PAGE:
Technology and design as contexts for science and mathematics? An empirical study of the realisation of curriculum intentions in Norwegian schools

Berit Bungum
The Norwegian University of Science and Technology, Norway

Bjørn-Tore Esjeholm
Finnmark University College, Norway

Dag Atle Lysne
The Norwegian University of Science and Technology / Finnmark University College, Norway

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Ingår i: PATT 26 Conference; Technology Education in the 21st Century; Stockholm; Sweden; 26-30 June; 2012

Linköping Electronic Conference Proceedings 73:12, s. 105-110

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Publicerad: 2012-06-18

ISBN: 978-91-7519-849-1

ISSN: 1650-3686 (tryckt), 1650-3740 (online)


The research presented in this paper investigates how conceptual knowledge from mathematics and science is addressed in four extensive cross-curricular teaching projects in different Norwegian schools (year 3-10). Classroom sessions related to the project were videotaped with two cameras recording selected groups of students and one recording the classroom as a whole. Recordings cover a total of ca 250 hours. Selected parts of the material were analysed with regards to communication between teacher and students and within student groups. Results indicate that conceptual knowledge from science is rarely addressed by teachers and students. With some interesting exceptions; this also applies to mathematics. Knowledge discussed by teachers and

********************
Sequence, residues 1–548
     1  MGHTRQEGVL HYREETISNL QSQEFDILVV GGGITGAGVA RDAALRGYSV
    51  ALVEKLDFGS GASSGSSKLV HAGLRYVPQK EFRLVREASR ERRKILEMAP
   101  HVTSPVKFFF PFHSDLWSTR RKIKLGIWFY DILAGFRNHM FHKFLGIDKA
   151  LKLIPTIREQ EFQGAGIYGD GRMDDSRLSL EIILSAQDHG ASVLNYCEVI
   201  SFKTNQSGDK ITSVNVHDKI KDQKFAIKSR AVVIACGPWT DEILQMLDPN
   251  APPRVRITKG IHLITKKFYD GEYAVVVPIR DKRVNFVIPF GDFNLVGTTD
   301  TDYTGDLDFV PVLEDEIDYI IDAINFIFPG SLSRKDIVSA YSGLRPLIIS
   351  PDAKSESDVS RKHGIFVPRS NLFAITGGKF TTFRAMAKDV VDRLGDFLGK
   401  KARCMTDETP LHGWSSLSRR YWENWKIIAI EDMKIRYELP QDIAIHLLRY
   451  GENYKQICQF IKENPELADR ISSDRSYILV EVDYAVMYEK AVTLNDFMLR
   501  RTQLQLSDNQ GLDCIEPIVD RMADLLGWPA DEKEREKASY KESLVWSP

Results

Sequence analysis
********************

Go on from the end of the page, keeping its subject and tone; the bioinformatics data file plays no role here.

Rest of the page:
We interpret this finding as an effect of two matters: Firstly; technological tasks mainly require technological knowledge rather than science and mathematics in its pure form. Secondly; the conceptual knowledge that is of relevance is not brought to stage due to the strong focus students as well as teachers have on the practical aspects of the student project. From the study we conclude that technology in the Norwegian curriculum should be strengthened as a knowledge domain in itself; and not considered as merely contexts for the learning of conceptual knowledge from other subjects. Links between technology and science/mathematics need to be conceptualised in other ways.


Science and mathematics in technology; cross-curricular teaching; conceptual knowledge


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